Fiction — print. Broadway, 2010. 350 pgs. Purchased.
In the 1980s, seven-year-old Libby Day’s mother and two older sisters were murdered by her brother, Ben. Each of Ben’s victims were murdered in a different manner — Michelle was strangled in her bed, Debby was cut by an axe, and their mother, Patty, was killed with a shotgun. Libby, who escaped and hid outside during January in Kansas, lost several of her fingers and toes to frostbite.
The tragedy captured the imagination of locals and the nation, who considered the mass murders to be one of many done in deference to Satan during the 1980s. Now, twenty-five years later, there are still a handful of people who are obsessed with the crime — people who doubt Libby’s account of the night and believe Ben is innocent. In their minds, no killer would murder his victims in three different ways during a single night.
Out of funds, Libby agrees to work with this group for a series of small payouts — a couple hundred bucks for finding her deadbeat father (the aptly named Runner) or for selling off personal items owned by her sisters and mother. Agreeing to work with this group, though, means Libby must face her brother and rehash the worst night of her life together.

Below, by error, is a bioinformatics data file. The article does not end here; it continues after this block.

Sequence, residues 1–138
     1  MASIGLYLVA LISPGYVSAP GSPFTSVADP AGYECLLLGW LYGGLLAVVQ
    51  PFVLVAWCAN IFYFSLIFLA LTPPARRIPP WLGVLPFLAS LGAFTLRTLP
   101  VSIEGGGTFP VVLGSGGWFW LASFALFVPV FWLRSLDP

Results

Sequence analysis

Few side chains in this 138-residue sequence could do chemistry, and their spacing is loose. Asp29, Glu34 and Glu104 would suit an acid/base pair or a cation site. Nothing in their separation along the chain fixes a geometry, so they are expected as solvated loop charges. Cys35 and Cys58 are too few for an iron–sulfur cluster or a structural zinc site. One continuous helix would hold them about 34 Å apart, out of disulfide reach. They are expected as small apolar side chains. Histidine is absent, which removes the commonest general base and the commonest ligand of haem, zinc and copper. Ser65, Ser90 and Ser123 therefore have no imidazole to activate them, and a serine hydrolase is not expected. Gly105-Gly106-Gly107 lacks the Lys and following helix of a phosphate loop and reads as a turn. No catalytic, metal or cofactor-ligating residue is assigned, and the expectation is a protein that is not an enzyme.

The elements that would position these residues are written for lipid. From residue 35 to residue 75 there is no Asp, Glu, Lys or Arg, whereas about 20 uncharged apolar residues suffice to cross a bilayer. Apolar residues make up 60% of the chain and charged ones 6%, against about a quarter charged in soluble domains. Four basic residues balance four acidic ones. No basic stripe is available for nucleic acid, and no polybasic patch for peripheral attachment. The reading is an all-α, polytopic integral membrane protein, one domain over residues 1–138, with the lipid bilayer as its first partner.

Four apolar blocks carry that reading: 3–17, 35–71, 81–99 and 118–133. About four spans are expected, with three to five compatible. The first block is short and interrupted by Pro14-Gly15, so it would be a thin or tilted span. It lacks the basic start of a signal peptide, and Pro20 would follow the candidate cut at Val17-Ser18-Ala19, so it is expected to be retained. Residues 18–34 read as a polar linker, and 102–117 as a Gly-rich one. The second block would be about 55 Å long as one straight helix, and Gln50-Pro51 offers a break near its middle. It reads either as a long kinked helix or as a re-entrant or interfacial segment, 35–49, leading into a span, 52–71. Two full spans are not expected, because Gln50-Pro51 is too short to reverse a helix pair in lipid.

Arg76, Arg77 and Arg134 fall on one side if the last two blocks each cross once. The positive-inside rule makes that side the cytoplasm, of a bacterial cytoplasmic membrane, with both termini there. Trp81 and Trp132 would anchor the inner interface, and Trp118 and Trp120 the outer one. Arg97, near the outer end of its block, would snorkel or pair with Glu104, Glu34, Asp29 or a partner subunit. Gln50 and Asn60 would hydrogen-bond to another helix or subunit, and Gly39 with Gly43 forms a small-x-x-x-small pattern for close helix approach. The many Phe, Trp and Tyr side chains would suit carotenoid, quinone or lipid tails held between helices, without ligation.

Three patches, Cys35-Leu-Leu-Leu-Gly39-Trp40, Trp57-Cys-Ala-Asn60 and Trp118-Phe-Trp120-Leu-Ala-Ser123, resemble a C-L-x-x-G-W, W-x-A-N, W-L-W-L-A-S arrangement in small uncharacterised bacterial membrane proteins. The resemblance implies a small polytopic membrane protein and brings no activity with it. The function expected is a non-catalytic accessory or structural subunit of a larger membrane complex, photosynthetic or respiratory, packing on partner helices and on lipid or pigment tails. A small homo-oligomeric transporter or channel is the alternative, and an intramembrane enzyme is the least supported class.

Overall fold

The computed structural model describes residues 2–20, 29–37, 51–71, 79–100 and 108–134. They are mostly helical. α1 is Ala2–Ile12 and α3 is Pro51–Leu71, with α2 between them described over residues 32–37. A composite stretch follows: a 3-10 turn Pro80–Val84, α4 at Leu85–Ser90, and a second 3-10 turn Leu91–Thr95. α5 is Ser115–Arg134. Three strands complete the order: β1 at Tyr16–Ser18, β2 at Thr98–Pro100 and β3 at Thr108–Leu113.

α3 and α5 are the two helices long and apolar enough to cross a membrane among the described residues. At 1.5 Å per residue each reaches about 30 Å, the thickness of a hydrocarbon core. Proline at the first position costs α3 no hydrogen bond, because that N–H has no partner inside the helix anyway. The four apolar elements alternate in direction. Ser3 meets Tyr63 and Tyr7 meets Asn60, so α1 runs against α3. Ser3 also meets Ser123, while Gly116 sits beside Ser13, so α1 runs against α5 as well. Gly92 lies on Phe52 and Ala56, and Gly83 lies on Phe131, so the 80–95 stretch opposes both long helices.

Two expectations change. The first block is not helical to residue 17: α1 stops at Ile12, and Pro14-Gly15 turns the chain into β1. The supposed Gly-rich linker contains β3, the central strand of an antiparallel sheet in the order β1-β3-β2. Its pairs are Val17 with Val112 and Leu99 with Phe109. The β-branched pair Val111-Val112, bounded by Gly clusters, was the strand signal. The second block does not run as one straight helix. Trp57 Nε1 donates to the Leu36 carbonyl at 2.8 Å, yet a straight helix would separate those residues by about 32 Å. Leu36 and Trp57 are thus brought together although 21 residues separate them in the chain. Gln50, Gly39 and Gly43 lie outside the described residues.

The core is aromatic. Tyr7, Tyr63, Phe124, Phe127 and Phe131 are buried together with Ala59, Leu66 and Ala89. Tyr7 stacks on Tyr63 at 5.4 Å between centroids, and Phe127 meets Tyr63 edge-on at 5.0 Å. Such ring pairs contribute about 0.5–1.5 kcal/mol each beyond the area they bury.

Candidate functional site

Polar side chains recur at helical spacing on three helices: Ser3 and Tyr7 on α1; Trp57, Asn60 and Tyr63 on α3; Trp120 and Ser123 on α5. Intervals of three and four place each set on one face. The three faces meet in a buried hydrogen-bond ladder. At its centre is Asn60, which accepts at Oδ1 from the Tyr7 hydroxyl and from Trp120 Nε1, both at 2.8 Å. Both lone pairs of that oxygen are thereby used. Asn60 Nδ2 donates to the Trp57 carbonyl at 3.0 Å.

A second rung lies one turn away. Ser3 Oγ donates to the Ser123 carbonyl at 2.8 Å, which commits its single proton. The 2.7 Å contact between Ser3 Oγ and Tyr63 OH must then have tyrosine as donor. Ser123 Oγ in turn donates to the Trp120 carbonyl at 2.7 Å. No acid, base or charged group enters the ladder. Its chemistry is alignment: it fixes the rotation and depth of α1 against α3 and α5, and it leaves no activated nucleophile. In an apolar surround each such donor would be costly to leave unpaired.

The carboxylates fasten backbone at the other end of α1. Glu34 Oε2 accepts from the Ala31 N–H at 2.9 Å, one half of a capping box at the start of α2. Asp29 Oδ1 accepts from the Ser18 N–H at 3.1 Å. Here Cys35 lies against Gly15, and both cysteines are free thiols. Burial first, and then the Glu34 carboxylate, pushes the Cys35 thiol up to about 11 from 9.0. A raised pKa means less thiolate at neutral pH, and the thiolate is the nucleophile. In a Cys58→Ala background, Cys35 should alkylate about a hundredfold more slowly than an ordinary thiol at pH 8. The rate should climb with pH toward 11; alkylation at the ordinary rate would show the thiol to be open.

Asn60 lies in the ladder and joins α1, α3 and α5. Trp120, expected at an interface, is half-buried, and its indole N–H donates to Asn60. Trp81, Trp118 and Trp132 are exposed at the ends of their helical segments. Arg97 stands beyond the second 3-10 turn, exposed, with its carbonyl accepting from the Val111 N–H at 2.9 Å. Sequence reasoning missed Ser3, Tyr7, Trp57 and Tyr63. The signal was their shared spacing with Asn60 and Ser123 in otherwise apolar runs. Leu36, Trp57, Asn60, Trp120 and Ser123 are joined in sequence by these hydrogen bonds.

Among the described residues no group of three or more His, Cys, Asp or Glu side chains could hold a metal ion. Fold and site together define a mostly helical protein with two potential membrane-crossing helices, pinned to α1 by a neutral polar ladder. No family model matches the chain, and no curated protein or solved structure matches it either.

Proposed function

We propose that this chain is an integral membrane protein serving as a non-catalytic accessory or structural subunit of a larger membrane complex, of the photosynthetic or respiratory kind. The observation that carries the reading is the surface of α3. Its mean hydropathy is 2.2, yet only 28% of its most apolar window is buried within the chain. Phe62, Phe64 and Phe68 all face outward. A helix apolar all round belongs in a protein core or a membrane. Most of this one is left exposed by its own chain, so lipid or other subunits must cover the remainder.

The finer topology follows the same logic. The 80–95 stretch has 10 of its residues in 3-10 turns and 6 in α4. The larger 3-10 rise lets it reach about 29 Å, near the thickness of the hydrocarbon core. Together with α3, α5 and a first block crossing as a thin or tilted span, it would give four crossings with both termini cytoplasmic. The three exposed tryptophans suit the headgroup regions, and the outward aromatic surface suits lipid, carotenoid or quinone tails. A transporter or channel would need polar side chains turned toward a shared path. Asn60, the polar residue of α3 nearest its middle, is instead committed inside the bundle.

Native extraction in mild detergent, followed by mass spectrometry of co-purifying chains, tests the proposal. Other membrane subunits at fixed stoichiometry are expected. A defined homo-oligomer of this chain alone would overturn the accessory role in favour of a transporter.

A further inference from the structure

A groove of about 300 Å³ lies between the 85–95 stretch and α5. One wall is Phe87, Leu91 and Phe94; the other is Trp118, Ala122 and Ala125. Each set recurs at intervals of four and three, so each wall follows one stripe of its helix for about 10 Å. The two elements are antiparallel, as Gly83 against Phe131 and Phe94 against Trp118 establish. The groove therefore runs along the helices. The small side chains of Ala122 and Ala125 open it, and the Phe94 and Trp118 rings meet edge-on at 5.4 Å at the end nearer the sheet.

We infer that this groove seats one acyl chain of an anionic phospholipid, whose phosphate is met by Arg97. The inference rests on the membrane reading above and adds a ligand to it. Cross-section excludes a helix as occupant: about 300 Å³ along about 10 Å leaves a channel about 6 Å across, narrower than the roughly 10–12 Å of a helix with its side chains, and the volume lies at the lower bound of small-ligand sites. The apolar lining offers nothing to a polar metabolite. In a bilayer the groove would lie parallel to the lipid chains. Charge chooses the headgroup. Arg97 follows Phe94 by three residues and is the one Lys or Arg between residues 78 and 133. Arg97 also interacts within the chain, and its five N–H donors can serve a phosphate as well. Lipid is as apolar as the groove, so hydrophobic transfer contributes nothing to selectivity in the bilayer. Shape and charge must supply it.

This novel jumps back and forth between the past and the present; each chapter changing both the time period and the character being followed. At one point, we see where Ben had gone in the hours leading up to his mother and sisters’ death and then — skip ahead a chapter — the reader is shown the frantic worry of his mother during this same time period. The narrative structure is not entirely uniform backtracking in order to explain or examine or place into context a fact Libby has learned in the present.
Yet, somehow, this novels feel like the more “traditional” of Flynn’s three crime novels that I have read. (Her fourth was published in November of last year.) She’s fixated on the whodunit rather than the psychological, which is surprising given her other two novels and how the novel is set up to be a response to the so-called “Satanic Panic” or “Satanic Ritual Abuse Scare”of the 1980s where daycare workers were accused to abusing children in acts of worship towards Satan. Sounds nutty, but true. Elements of this are utilized in the book — ritual Satanic practices either occurring or being rumored to have occurred, young girls accusing Ben of abusing them — but Flynn never really goes into the psychology of these events. They happen or they don’t; they move the plot along or they don’t.
The end, though? Flynn pushes her horribly unlikable characters (a staple of her novels) off the cliff of believable happenstance and wreaks the whole novel. It’s almost as though Flynn grew to like her characters, but realized she wasn’t allowed to like them after making the reader hate them so settled for a hodgepodge ending with a “twist” to keep her from having to pull the trigger, so to say. If this has been the first novel of hers I read, I certainly would not have lunged across the table at a used book sale to grab her others.